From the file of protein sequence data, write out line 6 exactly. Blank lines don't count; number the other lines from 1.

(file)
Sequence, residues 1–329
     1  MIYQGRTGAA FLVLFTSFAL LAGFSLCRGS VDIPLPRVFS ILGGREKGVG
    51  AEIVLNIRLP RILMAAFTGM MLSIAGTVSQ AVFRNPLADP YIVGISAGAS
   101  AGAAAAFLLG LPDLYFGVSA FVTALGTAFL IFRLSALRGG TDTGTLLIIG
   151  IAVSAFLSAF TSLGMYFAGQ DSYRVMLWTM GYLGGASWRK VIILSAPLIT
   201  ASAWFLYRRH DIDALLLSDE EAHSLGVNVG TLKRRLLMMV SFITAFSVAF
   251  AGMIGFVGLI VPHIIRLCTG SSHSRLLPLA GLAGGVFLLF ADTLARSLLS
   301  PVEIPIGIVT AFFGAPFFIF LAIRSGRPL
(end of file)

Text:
   201  ASAWFLYRRH DIDALLLSDE EAHSLGVNVG TLKRRLLMMV SFITAFSVAF